kidzsearch.com > wiki

# Exponentiation

In mathematics, **exponentiation** (**power**) is an arithmetic operation on numbers. It can be thought of as repeated multiplication, just as multiplication can be thought of as repeated addition.

In general, given two numbers [math]x[/math] and [math]y[/math], the exponentiation of [math]x[/math] and [math]y[/math] can be written as [math]x^y[/math], and read as "[math]x[/math] raised to the power of [math]y[/math]", or "[math]x[/math] to the [math]y[/math]th power".^{[1]}^{[2]} Other methods of mathematical notation have been used in the past. When the upper index cannot be written, people can write powers using the `^` or ** signs, so that `2^4 or` 2**4 means [math]2^4[/math].

Here, the number [math]x[/math] is called **base**, and the number [math]y[/math] is called **exponent**. For example, in [math]2^4[/math], 2 is the base and 4 is the exponent.

To calculate [math]2^4[/math], one simply multiply 4 copies of 2. So [math]2^4=2 \cdot 2 \cdot 2 \cdot 2[/math], and the result is [math]2 \cdot 2 \cdot 2 \cdot 2=16[/math]. The equation could be read out loud as "2 raised to the power of 4 equals 16."

More examples of exponentiation are:

- [math]5^3=5\cdot{} 5\cdot{} 5=125[/math]
- [math]x^2=x\cdot{} x[/math]
- [math]1^x = 1[/math] for every number
*x*

If the exponent is equal to 2, then the power is called **square**, because the area of a square is calculated using [math]a^2[/math]. So

- [math]x^2[/math] is the square of [math]x[/math]

Similarly, if the exponent is equal to 3, then the power is called **cube**, because the volume of a cube is calculated using [math]a^3[/math]. So

- [math]x^3[/math] is the cube of [math]x[/math]

If the exponent is equal to -1, then the power is simply the reciprocal of the base. So

- [math]x^{-1}=\frac{1}{x}[/math]

If the exponent is an integer less than 0, then the power is the reciprocal raised to the opposite exponent. For example:

- [math]2^{-3}=\left(\frac{1}{2}\right)^3=\frac{1}{8}[/math]

If the exponent is equal to [math]\tfrac{1}{2}[/math], then the result of exponentiation is the square root of the base, with [math]x^{\frac{1}{2}}=\sqrt{x}.[/math] For example:

- [math]4^{\frac{1}{2}}=\sqrt{4}=2[/math]

Similarly, if the exponent is [math]\tfrac{1}{n}[/math], then the result is the nth root, where:

- [math]a^{\frac{1}{n}}=\sqrt[n]{a}[/math]

If the exponent is a rational number [math]\tfrac{p}{q}[/math], then the result is the *q*th root of the base raised to the power of *p*:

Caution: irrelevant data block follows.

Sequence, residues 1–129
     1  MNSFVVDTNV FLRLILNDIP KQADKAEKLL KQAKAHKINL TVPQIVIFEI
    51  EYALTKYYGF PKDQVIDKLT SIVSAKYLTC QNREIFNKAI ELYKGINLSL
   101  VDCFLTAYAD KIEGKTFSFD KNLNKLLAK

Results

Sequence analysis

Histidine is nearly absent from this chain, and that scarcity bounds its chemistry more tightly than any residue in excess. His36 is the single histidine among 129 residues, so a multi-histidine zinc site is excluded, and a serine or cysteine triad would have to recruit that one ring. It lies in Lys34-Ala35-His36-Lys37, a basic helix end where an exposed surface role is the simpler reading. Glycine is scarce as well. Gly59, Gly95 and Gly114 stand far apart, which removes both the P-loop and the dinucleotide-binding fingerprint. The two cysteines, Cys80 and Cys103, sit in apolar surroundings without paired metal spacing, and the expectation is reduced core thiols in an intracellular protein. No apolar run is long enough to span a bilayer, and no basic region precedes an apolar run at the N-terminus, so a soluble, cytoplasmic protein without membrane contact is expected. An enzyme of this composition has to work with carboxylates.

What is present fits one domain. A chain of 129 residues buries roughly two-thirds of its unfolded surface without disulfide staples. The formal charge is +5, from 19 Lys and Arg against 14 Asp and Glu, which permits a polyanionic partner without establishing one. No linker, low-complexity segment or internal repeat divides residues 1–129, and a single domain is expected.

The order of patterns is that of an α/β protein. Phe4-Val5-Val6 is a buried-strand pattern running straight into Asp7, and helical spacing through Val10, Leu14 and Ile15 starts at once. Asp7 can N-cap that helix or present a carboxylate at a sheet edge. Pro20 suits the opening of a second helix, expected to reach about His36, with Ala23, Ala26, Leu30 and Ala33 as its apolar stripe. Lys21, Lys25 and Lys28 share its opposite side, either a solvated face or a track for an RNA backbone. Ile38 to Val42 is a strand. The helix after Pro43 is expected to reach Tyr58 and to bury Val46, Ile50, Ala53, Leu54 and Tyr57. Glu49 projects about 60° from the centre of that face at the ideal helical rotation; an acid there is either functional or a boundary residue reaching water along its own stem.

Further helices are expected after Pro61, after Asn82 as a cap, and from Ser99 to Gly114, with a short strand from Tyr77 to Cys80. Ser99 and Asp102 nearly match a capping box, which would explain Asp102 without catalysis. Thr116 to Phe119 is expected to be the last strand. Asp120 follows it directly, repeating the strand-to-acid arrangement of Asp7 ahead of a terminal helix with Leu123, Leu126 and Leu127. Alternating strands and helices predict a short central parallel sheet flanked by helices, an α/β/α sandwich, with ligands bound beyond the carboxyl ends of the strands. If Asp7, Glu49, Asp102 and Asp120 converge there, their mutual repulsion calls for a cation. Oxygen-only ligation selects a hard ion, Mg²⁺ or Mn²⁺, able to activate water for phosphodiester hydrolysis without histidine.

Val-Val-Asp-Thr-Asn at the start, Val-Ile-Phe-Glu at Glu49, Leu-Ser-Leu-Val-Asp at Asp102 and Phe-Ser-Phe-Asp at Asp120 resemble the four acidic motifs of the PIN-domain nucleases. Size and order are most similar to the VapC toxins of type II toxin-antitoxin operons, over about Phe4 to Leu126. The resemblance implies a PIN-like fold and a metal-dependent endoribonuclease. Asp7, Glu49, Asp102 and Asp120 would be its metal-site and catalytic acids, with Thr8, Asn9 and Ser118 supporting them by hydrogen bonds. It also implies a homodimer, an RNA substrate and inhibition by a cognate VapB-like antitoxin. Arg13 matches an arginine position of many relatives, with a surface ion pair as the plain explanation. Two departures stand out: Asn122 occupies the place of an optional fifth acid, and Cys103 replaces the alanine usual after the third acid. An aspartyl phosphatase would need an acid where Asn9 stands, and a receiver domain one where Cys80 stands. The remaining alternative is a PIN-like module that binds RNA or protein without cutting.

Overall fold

- [math]a^{\frac{p}{q}}=\sqrt[q]{a^p}[/math]

In some cases, the exponent may not even be rational. To raise a base *a* to an irrational *x*th power, we use an infinite sequence of rational numbers (*x _{n}*), whose limit is x:

- [math]x=\lim_{n\to\infty}x_n[/math]

like this:

- [math]a^x=\lim_{n\to\infty}a^{x_n}[/math]

There are some rules which make the calculation of exponents easier:^{[3]}

- [math]\left(a\cdot b\right)^n = a^n\cdot{}b^n[/math]
- [math]\left(\frac{a}{b}\right)^n = \frac{a^n}{b^n},\quad b\neq 0[/math]
- [math]a^r \cdot{} a^s = a^{r+s}[/math]
- [math]\frac{a^r}{a^s} = a^{r-s},\quad a\neq 0[/math]
- [math]a^{-n} = \frac{1}{a^n},\quad a\neq 0[/math]
- [math]\left(a^r\right)^s = a^{r\cdot s}[/math]
- [math]a^0 = 1[/math]

It is possible to calculate exponentiation of matrices. In this case, the matrix must be square. For example, [math]I^2=I \cdot I=I[/math].

## Commutativity

Both addition and multiplication are commutative. For example, 2+3 is the same as 3+2, and 2 · 3 is the same as 3 · 2. Although exponentiation is repeated multiplication, it is not commutative. For example, 2³=8, but 3²=9.

## Inverse Operations

Addition has one inverse operation: subtraction. Also, multiplication has one inverse operation: division.

But exponentiation has two inverse operations: The root and the logarithm. This is the case because the exponentiation is not commutative. You can see this in this example:

- If you have x+2=3, then you can use subtraction to find out that x=3−2. This is the same if you have 2+x=3: You also get x=3−2. This is because x+2 is the same as 2+x.
- If you have x · 2=3, then you can use division to find out that x=[math]\frac{3}{2}[/math]. This is the same if you have 2 · x=3: You also get x=[math]\frac{3}{2}[/math]. This is because x · 2 is the same as 2 · x
- If you have x²=3, then you use the (square) root to find out x: you get the result that x = [math]\sqrt[2]{3}[/math]. However, if you have 2
^{x}=3, then you can not use the root to find out x. Rather, you have to use the (binary) logarithm to find out x: you get the result that x=log_{2}(3).

## Related pages

## References

- ↑ "Compendium of Mathematical Symbols" (in en-US). 2020-03-01. https://mathvault.ca/hub/higher-math/math-symbols/.
- ↑ Weisstein, Eric W.. "Power" (in en). https://mathworld.wolfram.com/Power.html.
- ↑ Nykamp, Duane. "Basic rules for exponentiation". https://mathinsight.org/exponentiation_basic_rules.